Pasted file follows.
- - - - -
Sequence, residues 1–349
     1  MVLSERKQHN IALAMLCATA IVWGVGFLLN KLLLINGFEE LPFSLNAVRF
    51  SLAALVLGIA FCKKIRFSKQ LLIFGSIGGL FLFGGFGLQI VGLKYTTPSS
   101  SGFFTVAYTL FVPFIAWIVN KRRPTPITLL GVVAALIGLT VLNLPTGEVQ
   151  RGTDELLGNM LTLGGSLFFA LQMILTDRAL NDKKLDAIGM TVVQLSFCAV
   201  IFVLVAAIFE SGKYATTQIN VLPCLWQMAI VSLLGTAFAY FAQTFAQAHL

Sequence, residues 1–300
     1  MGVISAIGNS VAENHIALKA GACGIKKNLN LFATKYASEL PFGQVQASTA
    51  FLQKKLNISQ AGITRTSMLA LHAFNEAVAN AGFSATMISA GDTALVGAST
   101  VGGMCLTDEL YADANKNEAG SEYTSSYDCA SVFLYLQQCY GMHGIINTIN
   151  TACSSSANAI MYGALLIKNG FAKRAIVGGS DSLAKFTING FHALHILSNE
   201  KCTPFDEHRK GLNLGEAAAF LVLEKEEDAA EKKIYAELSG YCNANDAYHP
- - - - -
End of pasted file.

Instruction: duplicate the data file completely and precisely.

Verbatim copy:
Sequence, residues 1–349
     1  MVLSERKQHN IALAMLCATA IVWGVGFLLN KLLLINGFEE LPFSLNAVRF
    51  SLAALVLGIA FCKKIRFSKQ LLIFGSIGGL FLFGGFGLQI VGLKYTTPSS
   101  SGFFTVAYTL FVPFIAWIVN KRRPTPITLL GVVAALIGLT VLNLPTGEVQ
   151  RGTDELLGNM LTLGGSLFFA LQMILTDRAL NDKKLDAIGM TVVQLSFCAV
   201  IFVLVAAIFE SGKYATTQIN VLPCLWQMAI VSLLGTAFAY FAQTFAQAHL

Sequence, residues 1–300
     1  MGVISAIGNS VAENHIALKA GACGIKKNLN LFATKYASEL PFGQVQASTA
    51  FLQKKLNISQ AGITRTSMLA LHAFNEAVAN AGFSATMISA GDTALVGAST
   101  VGGMCLTDEL YADANKNEAG SEYTSSYDCA SVFLYLQQCY GMHGIINTIN
   151  TACSSSANAI MYGALLIKNG FAKRAIVGGS DSLAKFTING FHALHILSNE
   201  KCTPFDEHRK GLNLGEAAAF LVLEKEEDAA EKKIYAELSG YCNANDAYHP